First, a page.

(Fraccari pointed out that there are Cubans playing abroad, such as in Japan, who are allowed to return. They are, however, on loan from the Cuban federation, which takes part of their wages. Last month, the Cuban authorities agreed to allow their baseball players manage their own professional contracts with teams from foreign leagues. But a deal with MLB has not been revived.)

Although the Cuban federation did not respond to messages seeking comment, it blasted the Cuban association that came in April. In an official statementthe federation called the association’s goals “political, not sporting” and said the group was pressuring MLB and the players’ union to “usurp the place that rightfully belongs to the Cuban national team in the next WBC”

Mario Fernández, president of the association, said the group was willing to sit down and talk to the Cuban federation, but under certain conditions. First, he said, a public apology is deserved from the federation to the players who it says have been “offended and mistreated”.

“We’re not going to sit down and talk to them if that doesn’t happen,” said Fernández, a businessman who left Cuba at 28, founded a semi-professional league in Chile and now lives in the United States. “If they apologize and it won’t happen again, that’s a really good start. But we see that would be very difficult because of the politics involved.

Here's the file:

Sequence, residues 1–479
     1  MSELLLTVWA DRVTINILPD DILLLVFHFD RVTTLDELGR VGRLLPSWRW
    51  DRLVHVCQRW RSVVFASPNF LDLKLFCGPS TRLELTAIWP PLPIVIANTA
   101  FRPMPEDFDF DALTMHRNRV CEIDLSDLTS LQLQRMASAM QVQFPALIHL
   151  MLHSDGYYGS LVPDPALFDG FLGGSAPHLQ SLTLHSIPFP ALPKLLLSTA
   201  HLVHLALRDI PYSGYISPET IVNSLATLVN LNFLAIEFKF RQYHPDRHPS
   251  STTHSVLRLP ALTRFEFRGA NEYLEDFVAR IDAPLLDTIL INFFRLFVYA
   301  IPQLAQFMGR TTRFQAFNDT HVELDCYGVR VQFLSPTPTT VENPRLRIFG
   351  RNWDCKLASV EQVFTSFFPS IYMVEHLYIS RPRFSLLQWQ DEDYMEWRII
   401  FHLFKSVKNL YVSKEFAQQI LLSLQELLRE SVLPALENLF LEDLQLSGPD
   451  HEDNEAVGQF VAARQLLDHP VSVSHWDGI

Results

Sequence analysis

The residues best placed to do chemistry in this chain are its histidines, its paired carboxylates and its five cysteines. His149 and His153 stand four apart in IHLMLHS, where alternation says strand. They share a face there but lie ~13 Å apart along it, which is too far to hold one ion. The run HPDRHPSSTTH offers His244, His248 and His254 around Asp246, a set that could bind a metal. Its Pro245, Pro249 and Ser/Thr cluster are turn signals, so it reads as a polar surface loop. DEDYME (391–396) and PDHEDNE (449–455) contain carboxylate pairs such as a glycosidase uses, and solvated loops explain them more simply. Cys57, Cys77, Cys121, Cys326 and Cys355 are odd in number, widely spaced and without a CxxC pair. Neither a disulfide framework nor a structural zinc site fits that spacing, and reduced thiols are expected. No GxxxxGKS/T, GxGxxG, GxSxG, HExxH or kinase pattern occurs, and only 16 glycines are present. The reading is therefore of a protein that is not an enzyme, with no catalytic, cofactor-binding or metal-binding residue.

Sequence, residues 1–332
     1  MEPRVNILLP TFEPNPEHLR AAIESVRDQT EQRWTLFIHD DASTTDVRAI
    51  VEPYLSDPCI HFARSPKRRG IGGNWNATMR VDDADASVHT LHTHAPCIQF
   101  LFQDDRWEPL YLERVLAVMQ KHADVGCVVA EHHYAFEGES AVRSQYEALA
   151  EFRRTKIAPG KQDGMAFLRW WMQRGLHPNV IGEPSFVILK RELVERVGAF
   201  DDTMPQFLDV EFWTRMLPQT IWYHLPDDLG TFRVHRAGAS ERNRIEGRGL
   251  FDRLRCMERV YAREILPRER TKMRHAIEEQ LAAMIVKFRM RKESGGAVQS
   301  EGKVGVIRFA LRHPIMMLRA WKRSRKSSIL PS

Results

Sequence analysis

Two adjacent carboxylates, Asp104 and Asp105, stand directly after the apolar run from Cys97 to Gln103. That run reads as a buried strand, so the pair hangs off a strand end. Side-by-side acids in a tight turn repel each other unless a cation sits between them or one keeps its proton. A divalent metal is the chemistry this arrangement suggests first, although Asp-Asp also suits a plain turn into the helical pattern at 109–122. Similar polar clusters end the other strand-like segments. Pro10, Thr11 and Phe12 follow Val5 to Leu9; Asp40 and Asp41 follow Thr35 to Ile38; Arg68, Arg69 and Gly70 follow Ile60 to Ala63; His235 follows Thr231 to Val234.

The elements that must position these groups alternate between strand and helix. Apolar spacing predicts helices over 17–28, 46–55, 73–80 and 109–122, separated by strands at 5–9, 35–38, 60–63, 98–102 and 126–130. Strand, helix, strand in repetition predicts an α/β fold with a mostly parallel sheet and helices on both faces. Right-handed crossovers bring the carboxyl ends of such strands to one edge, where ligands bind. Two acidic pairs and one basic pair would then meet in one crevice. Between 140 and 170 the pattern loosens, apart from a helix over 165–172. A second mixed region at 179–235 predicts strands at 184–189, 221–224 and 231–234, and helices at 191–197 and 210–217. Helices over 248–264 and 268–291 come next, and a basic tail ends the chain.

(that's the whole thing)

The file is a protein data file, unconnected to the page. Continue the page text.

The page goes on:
Once a world power, the Cuban national team has fallen on hard times. He failed to qualify for the Tokyo Olympics, and although he has appeared in all four editions of the World Baseball Classic, he has mostly struggled, finishing in second place in 2006 and out of all four. first in every edition since.

“Baseball in Cuba is bad,” said Chapman, 34, who played for the Cuban national team in the 2009 World Baseball Classic. “It’s gone down a lot. The majority is gone and here.

Hoping to build a strong team that isn’t limited by baseball pros back home, the association chose Orlando Hernández, 56, a former pitcher who won four World Series titles, as general director. And for field manager, he chose Brayan Peña, 40, a former major league catcher who serves as minor league manager in the Detroit Tigers system.